Art Industry News is a daily digest of the most consequential developments coming out of the art world and art market. Here’s what you need to know on this Tuesday, January 19.


German Museums Revise Rules for Handling Human Remains – The German Museum Association is reviewing its eight-year-old guidelines on the handling of human remains. The new guidelines, which will be developed in consultation with the remains’s communities of origin, will be published in German, English, and French before the summer. The goal, according to the association, is to “strengthen the basic understanding of how to deal with human remains in museums.” (Monopol)

An Ancient Archway Has Partly Collapsed in Iraq – Iraq’s Taq Kasra is in “dangerous and critical” condition after the 1,500-year-old archway partially collapsed following heavy rains. The director of the country’s board of antiquities and heritage has issued an urgent call for support to shore up the ancient Persian monument and prevent further damage. Around four meters of the arched roof, which is the world’s largest single-span unreinforced brick vault, has fallen. (Hyperallergic)

Thieves Can’t Stop Stealing This Painting – The New York Times delves into the curious case of Frans Hals’s Two Laughing Boys with a Mug of Beer, which has been stolen three times since 1988. (Most recently, it was pilfered from the tiny Museum Hofje van Mevrouw van Aerden in the Dutch town of Leerdam in August.) Experts believe the painting has become a regular target precisely because of its history of being stolen, which established its value at around $10 million and makes it likely that there is an insurer and a vested interest in getting it back. (New York Times)

Police Find Stolen Salvator Mundi in Naples – In other art theft news, police have located a 16th-century copy of Leonardo da Vinci’s Salvator Mundi that had been stolen from a basilica museum in Naples. (No, it’s not that Salvator Mundi.) The painting—one of around 20 copies of the original attributed to the school of Leonardo, likely painted by one of his students—was uncovered during a police search in an apartment not far from the Museum of San Domenico Maggiore. The apartment’s owner, reportedly 36 years old, has been taken into police custody. (The Art Newspaper)


Dealer Criticizes BBC Show for Tarnishing His Good Name – The BBC has censured the the British television show Bargain Hunt after the program falsely claimed that a Victorian ring bought from a jewelry dealer was actually made in the 1950s. While the BBC has since issued a correction on its website, the dealer has also demanded an on-air apology. (Times)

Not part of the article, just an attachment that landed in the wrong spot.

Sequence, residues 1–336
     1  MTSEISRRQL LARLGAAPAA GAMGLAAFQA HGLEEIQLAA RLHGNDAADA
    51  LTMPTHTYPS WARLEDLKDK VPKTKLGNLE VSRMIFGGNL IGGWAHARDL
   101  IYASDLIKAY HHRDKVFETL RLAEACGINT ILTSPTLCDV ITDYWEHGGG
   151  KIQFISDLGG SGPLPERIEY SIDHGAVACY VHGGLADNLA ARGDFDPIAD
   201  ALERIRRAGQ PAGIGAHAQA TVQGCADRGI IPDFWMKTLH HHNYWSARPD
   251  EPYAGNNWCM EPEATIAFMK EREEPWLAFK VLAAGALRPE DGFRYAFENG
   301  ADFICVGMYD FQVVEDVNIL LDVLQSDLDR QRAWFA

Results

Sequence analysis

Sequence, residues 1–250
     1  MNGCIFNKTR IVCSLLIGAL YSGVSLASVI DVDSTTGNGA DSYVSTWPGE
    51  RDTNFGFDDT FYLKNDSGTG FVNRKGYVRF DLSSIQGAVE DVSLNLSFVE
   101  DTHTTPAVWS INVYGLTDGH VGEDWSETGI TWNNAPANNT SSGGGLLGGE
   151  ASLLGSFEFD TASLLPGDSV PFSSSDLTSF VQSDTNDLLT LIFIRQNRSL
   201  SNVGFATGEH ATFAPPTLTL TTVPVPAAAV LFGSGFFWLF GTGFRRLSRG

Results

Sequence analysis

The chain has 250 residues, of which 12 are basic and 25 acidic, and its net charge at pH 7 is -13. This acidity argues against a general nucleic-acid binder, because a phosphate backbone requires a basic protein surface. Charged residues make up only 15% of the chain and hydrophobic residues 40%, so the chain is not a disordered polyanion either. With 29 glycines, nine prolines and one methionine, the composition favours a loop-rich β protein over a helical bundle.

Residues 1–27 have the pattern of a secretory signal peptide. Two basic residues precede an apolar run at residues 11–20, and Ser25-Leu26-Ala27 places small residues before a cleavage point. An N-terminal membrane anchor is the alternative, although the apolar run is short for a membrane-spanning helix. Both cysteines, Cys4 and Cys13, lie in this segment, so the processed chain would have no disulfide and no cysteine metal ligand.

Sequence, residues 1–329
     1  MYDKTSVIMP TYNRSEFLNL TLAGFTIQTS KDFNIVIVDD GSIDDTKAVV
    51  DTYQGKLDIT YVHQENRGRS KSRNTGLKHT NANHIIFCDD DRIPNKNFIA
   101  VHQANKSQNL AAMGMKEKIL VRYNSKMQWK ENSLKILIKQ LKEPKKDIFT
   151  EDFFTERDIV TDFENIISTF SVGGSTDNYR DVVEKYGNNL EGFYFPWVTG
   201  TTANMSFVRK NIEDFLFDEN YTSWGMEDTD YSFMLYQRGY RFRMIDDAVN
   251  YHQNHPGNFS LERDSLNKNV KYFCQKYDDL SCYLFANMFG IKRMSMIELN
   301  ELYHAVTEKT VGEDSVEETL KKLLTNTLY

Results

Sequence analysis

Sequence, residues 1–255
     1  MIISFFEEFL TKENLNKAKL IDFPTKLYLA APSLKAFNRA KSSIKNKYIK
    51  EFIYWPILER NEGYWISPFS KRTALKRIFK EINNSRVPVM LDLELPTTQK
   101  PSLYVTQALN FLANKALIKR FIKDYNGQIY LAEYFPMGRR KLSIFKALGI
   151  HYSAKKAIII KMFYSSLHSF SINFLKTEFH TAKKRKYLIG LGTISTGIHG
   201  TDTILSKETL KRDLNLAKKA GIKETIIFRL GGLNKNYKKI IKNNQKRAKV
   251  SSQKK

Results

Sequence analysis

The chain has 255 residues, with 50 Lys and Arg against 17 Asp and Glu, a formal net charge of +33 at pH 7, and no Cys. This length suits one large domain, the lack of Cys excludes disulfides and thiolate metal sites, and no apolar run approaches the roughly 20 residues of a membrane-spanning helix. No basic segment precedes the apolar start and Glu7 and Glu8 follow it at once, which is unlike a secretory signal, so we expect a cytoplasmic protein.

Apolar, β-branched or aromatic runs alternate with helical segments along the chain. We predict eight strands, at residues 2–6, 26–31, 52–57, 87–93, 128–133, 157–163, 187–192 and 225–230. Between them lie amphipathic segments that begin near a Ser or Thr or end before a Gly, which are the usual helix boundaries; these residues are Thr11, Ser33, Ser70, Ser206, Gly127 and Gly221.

Victoria Miro Now Represents Flora Yukhnovich – The European gallery has added the London-based painter, whose lush work is inspired by Rococo, to its roster. Yukhnovich was first included in a group show at Victoria Miro in 2019 and has had two solo exhibitions there since. She will have another in London in 2022. (Press release)


BTS Member Named Art Sponsor of the Year – The singer RM, from South Korea’s top boy band BTS, has been named Arts Council Korea’s “art sponsor of the year.” RM was awarded the distinction after he donated ₩100 million ($90,400) to Seoul’s National Museum of Modern and Contemporary Art. (The Art Newspaper)

Decision on Looted Pissarro Deferred Again – A resolution in the long-running dispute between the heir of a Nazi-looted artwork by Camille Pissarro and the University of Oklahoma has been pushed back yet again. Lawyers want more time to find a compromise through mediation to determine the fate of La Bergère reentrant des moutons (1886), which was originally due to split time between the US and France as part of a novel sharing agreement. (Le Journal des Arts)


The New-York Historical Society Launches an Oval Office Replica – New York’s Historical Society has built its own replica of the Oval Office for an exhibition about the US presidency. The institution says the exhibit, which is inspired by Ronald Reagan’s office during his second term, has “proved very popular” with visitors. (TAN)

Culture& Launches New Museum School Program – The charity Culture& is launching an advanced program to support alumni of its New Museum School—which funnels new talent into the arts and heritage sector—beyond graduation. “Having listened to the experience of our alumni, we want to address the glass ceiling that they now face,” Culture&’s chief executive Errol Francis says. (Press release)

See Douglas Coupland’s Slogans on Vancouver Billboards – Pithy slogans from the artist Douglas Coupland are now appearing on billboards across Vancouver, Canada, as part of his nine-year-old project “Slogans for the 21st Century.” See a selection here. (The Art Newspaper)